Within a couple of days  I headed up to the NW to see old friends  M&S  who we also hadn’t seen for years. M was a major player in the mobile business and just about the smartest businessman and nicest guy I’ve ever met. S is just the loveliest wife and I cannot tell you how beautiful and polite their kids are. We knew them as babies but they’re all growing up and distinct personalities now. One of those girls is going to break a million hearts in 12 years time. Anyway M and I went out for some drinks with a bunch of guys, one or two of whom I knew and s couple of guysM thought might prove useful business-wise to me. It was generous of him (not untypical) and he was right but it was an entertaining night although I’d forgotten how brutal nights out with M can be. We struggled to get back into the house at something o’clock. But it was great to see M and the family again, very special. He is a deeply committed to his friends and a true mate. I cannot say how much I respect him.

Within another couple of days we were heading up to see old friends Mike & Jayne – who’ve featured several times in this blog-to celebrate their lovely daughter H’s 18th birthday. Bloody 18. She was younger than my grandkids when I first knew her. And what delightful girl she’s turned out to be. Clever, talented, beautiful, popular and she asked that we should attend her do. Old farts like us. I know this sounds like a Kerry Katona column in OK magazine (aren’t we well-connected and aren’t our friends wonderful and isn’t life just great – today) but it has been a great to see old friends again. M & J were in top form and son J, despite several hours in hospital that day, was engaging as ever. Can’t believe that he used to play footie with us as an 8 year old. And at the same do was old friend JW. We chatted all night about life and women and cars and women and work and well women. H made us dance with her to the Michael Jackson stuff in front of her many 18 year old female friends. I think they liked my moonwalk – they were certainly smiling a lot as I performed. Great party (though I ungallantly rebuffed J for  a dance at one point as I was sole guy walking through the female-thronged dance tent. And I never asked for a return dance. Bet J thinks I’m a real heel). We stayed at a great little pub/restaurant hotel called the Angel as a rare treat to ourselves Next morning we had breakfast with JW who once again showed his generosity. Such a mate.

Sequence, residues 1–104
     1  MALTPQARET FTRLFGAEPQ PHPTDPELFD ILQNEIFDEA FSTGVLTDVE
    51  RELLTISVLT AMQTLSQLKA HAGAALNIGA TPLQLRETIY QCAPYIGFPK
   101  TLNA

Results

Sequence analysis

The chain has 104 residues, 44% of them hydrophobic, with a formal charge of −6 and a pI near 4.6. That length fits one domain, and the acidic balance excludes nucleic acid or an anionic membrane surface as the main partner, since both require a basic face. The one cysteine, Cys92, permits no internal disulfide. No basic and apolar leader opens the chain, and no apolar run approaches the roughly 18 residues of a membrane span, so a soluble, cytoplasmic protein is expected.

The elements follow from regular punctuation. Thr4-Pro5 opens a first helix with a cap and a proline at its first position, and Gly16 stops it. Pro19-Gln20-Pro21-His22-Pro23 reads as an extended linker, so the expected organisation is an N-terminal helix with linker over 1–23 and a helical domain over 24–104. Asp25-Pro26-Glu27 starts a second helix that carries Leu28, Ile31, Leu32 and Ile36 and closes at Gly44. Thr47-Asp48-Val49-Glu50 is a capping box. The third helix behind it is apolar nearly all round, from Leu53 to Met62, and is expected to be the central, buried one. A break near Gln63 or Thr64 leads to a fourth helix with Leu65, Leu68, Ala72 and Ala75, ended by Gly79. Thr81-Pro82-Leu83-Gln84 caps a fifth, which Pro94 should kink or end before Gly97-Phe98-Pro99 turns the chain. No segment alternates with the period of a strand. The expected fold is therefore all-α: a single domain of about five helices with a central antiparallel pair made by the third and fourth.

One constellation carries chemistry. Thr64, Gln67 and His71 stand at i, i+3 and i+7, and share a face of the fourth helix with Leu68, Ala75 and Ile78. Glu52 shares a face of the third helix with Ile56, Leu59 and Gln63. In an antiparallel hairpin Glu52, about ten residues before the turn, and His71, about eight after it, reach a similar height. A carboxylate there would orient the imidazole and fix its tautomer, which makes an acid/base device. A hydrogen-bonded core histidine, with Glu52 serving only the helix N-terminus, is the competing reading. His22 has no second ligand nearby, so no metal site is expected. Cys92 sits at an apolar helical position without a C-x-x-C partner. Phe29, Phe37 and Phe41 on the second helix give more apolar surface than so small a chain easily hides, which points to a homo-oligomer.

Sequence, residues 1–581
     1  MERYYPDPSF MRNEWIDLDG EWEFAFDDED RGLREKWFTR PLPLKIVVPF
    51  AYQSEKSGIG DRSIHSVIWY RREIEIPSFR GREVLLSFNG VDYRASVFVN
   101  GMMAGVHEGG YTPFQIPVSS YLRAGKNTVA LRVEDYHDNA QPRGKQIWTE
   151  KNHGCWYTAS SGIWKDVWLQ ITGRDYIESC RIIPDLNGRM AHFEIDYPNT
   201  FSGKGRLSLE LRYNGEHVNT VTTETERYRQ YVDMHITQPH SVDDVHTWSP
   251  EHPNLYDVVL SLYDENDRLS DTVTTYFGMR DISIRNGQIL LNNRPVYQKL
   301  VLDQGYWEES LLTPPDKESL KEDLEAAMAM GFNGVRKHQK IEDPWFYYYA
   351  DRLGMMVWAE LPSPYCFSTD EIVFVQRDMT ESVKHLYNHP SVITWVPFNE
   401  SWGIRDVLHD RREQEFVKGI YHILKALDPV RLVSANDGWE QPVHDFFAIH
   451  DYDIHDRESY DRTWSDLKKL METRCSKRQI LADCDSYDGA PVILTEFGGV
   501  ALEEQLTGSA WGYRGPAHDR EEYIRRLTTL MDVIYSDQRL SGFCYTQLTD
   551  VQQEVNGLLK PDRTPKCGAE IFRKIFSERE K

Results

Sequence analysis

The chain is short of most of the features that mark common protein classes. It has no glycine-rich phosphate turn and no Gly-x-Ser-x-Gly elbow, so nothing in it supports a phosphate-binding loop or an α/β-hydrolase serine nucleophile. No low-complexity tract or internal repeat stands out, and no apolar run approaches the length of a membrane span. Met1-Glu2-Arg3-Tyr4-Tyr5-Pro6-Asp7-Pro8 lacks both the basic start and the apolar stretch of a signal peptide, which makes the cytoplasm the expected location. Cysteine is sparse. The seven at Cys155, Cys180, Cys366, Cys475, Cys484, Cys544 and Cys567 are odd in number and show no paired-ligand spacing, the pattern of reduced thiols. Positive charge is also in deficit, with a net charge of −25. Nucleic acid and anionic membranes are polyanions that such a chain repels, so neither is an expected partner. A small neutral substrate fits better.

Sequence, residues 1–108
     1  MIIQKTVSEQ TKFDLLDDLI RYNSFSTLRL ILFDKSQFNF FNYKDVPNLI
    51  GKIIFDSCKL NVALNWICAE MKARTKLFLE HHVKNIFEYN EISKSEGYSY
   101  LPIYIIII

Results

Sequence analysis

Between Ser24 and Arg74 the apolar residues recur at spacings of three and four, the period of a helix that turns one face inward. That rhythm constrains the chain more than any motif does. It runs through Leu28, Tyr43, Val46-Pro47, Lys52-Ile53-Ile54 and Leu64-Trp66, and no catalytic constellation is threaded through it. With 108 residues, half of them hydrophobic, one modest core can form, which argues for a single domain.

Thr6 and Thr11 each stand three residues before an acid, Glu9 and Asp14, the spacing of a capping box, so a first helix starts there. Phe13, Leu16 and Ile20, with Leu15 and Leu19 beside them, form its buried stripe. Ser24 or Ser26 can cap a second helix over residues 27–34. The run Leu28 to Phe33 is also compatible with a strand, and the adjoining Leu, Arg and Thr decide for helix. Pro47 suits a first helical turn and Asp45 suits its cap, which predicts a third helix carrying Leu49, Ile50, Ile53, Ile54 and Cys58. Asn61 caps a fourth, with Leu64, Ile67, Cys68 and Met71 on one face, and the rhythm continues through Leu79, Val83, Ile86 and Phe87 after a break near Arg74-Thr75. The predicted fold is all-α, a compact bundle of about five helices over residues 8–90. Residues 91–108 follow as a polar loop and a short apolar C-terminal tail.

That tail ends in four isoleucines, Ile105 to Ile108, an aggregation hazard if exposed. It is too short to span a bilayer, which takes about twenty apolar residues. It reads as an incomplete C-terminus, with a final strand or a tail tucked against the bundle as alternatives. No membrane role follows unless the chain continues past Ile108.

And to cap a frenetic week and a half, one of my oldest mates Shay flew into Heathrow from America en route to Prague and called up to join him for a couple of drinks at his airport hotel. It’s only a few miles from where we’re staying in Staines and how could I say no (even though we’d been out with our lovely daugher S and husband I in Richmond all afternoon)? Despite the jet lag etc he was on excellent form and we had a good old chat/laugh. It’s funny how two blokes tend to talk about two things only; it could be wine and politics, or family and tv, but Shay and I rarely wandered from our favourite twin-track topics of women and football with a lot of work frustration thrown in. Shallow and predictable ? Hell yes but we’re simple souls and it was enjoyable because it was a rare chance to bond and hug (manfully) at the end of the night and reaffirm things.      

So there you go. We’re so lucky with our friends. We’ve lost some in the last couple of years I sense but retained some fantastic pals who go back a long way now. I never not want to see them. That’s good I hope.

pp

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This entry was posted in friends and family, PERSONAL STUFF and tagged , , , by Paul. Bookmark the permalink.

About Paul

Having decided on a change of life by moving home from the UK to Italy, this is the story and thoughts of a man on a personal journey from the Blackpool Tower to the Leaning Tower of Pisa, in search of la dolce vita. After several olive harvests he's now back in London but en route he shares his very personal perspectives on life.

One thought on “friendship

  1. Pingback: VandeNikhilam USA » friendship « Pasta Paulie